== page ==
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About the Story
Caduceus was written in a day for Event One of the Second Quadrennial Ryan Veeder Exposition for Good Interactive Fiction, whose challenge was to create a game in Inform 7 with beautiful source code text. The code is written in the style of a rhyming poem. The game it compiles into is limited but playable, and technically also winnable—though it helps to read the code first.
1st Place, Event 1 - Second Quadrennial Ryan Veeder Exposition for Good Interactive Fiction
Ryan Veeder's Judgment
9.5 points out of 10
This is extremely clever and I love it. I feel anxiety about awarding a perfect score, and if I look closely I can find enough small flaws to justify an assertion that this Entry is not perfect. Therefore I award Caduceus 9.5 points out of 10.
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This game took first place in Event One of the Second Quadrennial Ryan Veeder Exposition for Good Interactive Fiction.
Entries in Event One of the Second Quadrennial Ryan Veeder Exposition for Good Interactive Fiction were written over the course of one weekend. The challenge of Event One was to create a game in Inform 7 with beautiful source code text.The trouble is, all of the top-ranked games are unplayable without the source, and Caduceus is no exception. It has two "guess the verb" puzzles, whose solutions make no sense, even in hindsight. (Spoiler - click to show)The gangplank is "fixed in place." Despite that, you have to "push" it. Why? Why do I have to "wave" the caduceus? None of this is explained, even in the source. (Why not "reclaim" the caduceus?)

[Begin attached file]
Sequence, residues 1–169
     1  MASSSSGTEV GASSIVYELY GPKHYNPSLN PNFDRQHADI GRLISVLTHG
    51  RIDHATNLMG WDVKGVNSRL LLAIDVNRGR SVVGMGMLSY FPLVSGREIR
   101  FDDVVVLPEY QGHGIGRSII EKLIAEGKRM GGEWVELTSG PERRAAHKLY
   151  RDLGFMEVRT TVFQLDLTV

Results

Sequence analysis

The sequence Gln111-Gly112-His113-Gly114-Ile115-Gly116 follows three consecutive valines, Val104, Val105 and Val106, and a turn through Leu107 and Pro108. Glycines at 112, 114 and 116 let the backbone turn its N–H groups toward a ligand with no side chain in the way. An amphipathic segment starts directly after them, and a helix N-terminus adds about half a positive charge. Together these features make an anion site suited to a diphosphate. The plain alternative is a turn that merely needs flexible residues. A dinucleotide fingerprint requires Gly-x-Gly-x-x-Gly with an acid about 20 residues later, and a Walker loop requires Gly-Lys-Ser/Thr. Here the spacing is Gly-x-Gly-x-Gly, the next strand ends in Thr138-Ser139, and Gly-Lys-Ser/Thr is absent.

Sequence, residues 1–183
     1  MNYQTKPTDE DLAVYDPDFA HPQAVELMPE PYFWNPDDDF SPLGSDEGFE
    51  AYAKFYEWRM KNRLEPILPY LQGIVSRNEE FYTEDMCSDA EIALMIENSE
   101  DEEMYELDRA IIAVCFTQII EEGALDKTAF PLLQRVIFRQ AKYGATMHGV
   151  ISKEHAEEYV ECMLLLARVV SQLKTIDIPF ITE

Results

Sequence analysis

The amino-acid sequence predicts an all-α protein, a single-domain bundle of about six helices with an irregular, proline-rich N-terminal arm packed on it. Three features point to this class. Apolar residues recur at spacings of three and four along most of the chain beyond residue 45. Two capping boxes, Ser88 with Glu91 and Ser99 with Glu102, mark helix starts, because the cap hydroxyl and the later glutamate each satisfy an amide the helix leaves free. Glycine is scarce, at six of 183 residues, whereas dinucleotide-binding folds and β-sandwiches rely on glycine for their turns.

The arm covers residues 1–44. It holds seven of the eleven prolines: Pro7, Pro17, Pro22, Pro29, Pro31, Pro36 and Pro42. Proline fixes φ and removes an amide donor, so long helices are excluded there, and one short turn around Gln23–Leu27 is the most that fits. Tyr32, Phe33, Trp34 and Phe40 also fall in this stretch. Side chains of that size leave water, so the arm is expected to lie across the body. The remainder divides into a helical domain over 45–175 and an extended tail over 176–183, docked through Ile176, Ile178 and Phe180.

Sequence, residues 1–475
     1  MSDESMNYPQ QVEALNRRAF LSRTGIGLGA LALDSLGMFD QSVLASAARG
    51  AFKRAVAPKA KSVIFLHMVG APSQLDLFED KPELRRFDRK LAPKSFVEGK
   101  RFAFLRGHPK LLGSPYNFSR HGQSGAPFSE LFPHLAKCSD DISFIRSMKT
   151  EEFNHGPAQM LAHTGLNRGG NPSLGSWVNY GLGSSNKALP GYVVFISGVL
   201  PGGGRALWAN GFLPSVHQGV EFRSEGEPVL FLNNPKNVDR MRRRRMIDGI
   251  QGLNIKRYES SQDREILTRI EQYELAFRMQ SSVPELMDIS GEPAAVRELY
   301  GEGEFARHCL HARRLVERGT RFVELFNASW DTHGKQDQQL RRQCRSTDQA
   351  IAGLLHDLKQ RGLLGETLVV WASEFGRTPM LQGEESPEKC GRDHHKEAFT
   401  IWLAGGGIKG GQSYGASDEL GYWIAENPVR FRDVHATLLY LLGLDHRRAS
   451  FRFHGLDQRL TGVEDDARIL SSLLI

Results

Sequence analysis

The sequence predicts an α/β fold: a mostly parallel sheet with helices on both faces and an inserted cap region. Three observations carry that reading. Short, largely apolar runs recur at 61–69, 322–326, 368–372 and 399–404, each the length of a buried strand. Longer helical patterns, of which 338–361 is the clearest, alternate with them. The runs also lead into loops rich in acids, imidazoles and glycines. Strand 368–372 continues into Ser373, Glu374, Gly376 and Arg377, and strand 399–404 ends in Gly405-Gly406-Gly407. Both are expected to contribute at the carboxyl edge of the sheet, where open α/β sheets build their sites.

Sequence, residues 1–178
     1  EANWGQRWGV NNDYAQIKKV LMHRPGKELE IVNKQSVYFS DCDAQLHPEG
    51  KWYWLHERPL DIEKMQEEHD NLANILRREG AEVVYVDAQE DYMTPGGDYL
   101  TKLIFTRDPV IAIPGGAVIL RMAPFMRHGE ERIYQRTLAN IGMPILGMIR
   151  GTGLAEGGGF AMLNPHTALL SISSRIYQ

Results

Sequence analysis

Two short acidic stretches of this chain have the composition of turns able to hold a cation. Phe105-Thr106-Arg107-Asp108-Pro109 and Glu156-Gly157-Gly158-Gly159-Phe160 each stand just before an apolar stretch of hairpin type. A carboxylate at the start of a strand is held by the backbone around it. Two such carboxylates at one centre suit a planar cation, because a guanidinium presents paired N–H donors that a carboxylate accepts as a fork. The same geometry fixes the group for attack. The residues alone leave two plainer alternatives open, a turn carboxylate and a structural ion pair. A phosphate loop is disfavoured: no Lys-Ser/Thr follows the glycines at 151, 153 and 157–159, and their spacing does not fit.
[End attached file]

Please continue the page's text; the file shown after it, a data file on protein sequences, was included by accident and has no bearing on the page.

A game that is functionally unplayable without the source code, for the contest that for which it was designed. The source is lovely poetry and tells a story on its own.
All of the entries in the pretty-code contest have their strong suits, but it's not just that Caduceus' source has a lovely poetic flow to it. The game it creates has a very different, mostly-prosaic vibe to it, while telling the same story with the same terse descriptions.
As a game Caduceus just looks like a short proof-of-concept with a less-than-obvious final move. As source, even the wasted space (such as the adjectives borrowed for this review title) serves a purpose. Top honors were warranted.
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Poem-based games with puzzles/endings by Andrew Schultz
I enjoy seeing people trying to mix poetry and puzzles. Even if it doesn't work, it still is fun to see people try, and quite bluntly, it's brave to attempt at all. I'd like to remove works like Phenomena or 100000 years from...